Once upon a time, all you had to do to enhance your SEO was include as many buzzwords as you could think of within your website, but search engines have advanced far beyond that point now.
General keywords won’t cut it any more: you need relevant and intuitive phrasing in your content to ensure that you make the first page of search results, otherwise you’ll be lost in a sea of mediocre websites, desperately trying to climb the ranks of the likes of Google and Bing, but never succeeding.
This may seem intimidating, or even blatantly confusing, because how do you discern a general keyword from an expertly picked one? Luckily, semantic SEO is here to help, and this article should walk you through everything you need to know in order to become an expert.
First of all, what does ‘semantic SEO’ even mean? Well, it turns out that semantic SEO is working extra meaning into the words that you use in your content, specifically selecting them and going through processes to make sure that you’re making use of every word.
Using semantic SEO, you’ll be answering a searcher’s first, second and third questions, maybe before they’ve even thought of them! Search engines will love your content because it includes the right amount of meta data and specifics for them to be able to steer the right searchers to your content – if you’re not specific, then how can the algorithms know if a searcher would benefit from your website?
They can’t, so ignoring semantic SEO means that you’ll most likely be ignored as well.
Semantic SEO isn’t just a fancier way to dress up your content, it’s the way forward for websites, and you don’t want to be left behind by the major search engines – you’ll alienate all of your customers trying to find you on the internet.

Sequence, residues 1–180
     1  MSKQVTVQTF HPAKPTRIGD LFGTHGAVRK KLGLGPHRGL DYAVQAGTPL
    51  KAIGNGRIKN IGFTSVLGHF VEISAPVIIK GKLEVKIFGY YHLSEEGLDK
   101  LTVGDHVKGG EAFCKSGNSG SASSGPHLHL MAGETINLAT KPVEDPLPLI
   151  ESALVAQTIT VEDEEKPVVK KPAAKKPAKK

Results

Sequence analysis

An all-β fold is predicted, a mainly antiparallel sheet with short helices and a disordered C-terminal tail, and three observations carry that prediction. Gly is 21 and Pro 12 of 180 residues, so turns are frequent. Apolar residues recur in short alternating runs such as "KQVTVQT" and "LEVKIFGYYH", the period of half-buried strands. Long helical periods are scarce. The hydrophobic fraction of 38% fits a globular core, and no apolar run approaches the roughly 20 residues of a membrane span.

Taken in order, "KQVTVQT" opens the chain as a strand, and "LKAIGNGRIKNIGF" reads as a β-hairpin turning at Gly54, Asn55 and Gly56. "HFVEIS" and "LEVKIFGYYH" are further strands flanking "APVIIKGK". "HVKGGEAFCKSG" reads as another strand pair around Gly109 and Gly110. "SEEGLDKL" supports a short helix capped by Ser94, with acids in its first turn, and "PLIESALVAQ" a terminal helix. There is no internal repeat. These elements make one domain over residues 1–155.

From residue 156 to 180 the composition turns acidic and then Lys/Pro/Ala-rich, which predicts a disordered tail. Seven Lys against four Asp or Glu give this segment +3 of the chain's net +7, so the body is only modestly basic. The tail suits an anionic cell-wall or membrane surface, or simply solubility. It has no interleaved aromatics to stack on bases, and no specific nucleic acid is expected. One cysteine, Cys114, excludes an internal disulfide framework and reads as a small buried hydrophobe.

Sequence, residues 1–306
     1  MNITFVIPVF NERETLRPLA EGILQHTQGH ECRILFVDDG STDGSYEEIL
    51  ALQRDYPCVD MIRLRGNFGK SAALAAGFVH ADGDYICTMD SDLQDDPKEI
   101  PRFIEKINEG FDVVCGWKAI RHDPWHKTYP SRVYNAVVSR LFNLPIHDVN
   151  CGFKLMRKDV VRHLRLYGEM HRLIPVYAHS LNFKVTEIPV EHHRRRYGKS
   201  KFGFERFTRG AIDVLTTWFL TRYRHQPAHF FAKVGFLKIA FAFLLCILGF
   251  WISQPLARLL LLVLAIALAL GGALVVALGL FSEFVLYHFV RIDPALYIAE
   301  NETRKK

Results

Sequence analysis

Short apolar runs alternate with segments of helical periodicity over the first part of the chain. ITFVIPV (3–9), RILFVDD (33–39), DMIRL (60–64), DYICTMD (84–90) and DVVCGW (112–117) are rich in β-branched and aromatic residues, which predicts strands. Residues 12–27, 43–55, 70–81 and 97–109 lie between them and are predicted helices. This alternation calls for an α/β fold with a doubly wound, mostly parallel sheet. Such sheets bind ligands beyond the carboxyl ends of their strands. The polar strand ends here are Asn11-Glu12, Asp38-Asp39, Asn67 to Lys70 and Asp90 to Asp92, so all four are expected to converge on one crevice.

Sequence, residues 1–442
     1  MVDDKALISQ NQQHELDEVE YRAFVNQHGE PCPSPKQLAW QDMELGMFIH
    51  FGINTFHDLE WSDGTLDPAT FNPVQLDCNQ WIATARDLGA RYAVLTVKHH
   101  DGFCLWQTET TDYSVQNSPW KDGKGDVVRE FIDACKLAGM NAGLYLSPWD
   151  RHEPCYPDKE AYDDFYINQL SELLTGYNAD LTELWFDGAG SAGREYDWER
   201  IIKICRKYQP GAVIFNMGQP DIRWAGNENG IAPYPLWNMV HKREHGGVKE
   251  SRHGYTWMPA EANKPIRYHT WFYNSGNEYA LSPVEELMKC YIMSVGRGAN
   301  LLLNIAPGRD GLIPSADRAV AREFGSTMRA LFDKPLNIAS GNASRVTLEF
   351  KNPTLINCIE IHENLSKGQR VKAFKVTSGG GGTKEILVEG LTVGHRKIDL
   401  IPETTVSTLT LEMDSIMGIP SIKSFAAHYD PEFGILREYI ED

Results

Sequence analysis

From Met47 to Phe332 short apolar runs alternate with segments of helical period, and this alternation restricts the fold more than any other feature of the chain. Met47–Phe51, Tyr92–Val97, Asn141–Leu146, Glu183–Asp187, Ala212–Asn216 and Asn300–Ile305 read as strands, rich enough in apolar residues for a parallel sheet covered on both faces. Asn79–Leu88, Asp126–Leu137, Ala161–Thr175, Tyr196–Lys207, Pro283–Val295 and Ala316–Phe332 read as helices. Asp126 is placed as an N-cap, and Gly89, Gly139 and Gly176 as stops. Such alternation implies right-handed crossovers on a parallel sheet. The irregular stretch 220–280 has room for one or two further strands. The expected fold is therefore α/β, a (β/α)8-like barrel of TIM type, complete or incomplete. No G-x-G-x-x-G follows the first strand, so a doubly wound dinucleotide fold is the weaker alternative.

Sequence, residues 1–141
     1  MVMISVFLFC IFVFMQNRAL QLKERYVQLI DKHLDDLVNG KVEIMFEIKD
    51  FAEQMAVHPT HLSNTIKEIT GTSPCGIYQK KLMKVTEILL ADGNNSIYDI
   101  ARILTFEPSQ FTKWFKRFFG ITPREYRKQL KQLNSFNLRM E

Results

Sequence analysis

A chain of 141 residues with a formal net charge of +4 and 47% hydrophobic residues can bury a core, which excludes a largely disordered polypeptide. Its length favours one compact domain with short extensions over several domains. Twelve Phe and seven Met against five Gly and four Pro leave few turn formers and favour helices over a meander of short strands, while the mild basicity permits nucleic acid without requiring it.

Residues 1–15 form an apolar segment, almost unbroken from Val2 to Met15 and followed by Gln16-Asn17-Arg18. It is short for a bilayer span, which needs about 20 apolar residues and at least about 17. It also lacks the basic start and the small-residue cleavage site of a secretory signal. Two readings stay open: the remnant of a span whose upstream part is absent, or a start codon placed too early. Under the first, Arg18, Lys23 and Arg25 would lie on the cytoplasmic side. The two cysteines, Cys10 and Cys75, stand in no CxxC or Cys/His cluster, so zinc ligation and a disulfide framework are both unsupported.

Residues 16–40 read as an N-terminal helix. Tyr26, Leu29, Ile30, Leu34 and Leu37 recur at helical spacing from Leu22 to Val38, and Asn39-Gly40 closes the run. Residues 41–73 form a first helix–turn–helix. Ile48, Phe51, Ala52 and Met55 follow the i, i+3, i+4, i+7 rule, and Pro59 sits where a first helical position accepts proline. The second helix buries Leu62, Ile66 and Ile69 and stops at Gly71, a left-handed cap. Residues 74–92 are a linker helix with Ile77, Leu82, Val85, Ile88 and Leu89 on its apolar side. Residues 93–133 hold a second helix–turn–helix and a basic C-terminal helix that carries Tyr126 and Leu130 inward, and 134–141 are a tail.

You’ve obviously heard about the major methods of attracting traffic, such as backlinks, but semantic SEO really is the future of SEO as a whole.
No more clogging up your website with meaningless words; every word has to count, and you need to be as concise as possible while answering any questions the customer may have. It’s a tricky business, but it’s definitely not impossible!
How Does It Affect SEO?
That’s all well and good, but why can you actually not just go back to your old SEO tricks and tips, and move on with your website the same as it’s always been?
There are quite a few reasons, but one of the simplest to address and understand is the rise of speech recognition technology. You must’ve noticed more and more people talking to their phones – and even laptops or computers! – instead of just typing in a search (Siri from Apple and Cortana from Microsoft are popular examples), and this isn’t just a coincidence.
Research from Stone Temple Consulting shows that thirty-three percent (a third) of high-income households ‘frequently or very frequently’ use voice commands instead of typing, tapping or using remote controllers, and that number is rising all the time.
If someone asks their phone a question, they’ve likely not got time to stick around and read through your unwieldy paragraphs of jargon to get to the information they want – they need clear but in-depth answers there and then, which will more than likely be read back to them by the machine they’re using, so they have to be fairly easy to understand upon a first hearing.
Being an expert is brilliant – being able to use technical language is brilliant – but you need to know how to use it effectively, and when to curb it in order to appeal to your target audience.
Another reason why traditional SEO isn’t doing so well in the face of semantic SEO is that people are tending towards searching for general topics, instead of keywords, and traditional SEO does rely on keywords.
Your content needs to be structured in a better way, so that users don’t get lost when navigating your content. A hundred mini articles are useless if a user only finds ten of them, while a comprehensive ‘ultimate guide’ or ‘how to’ will be much more useful and accessible.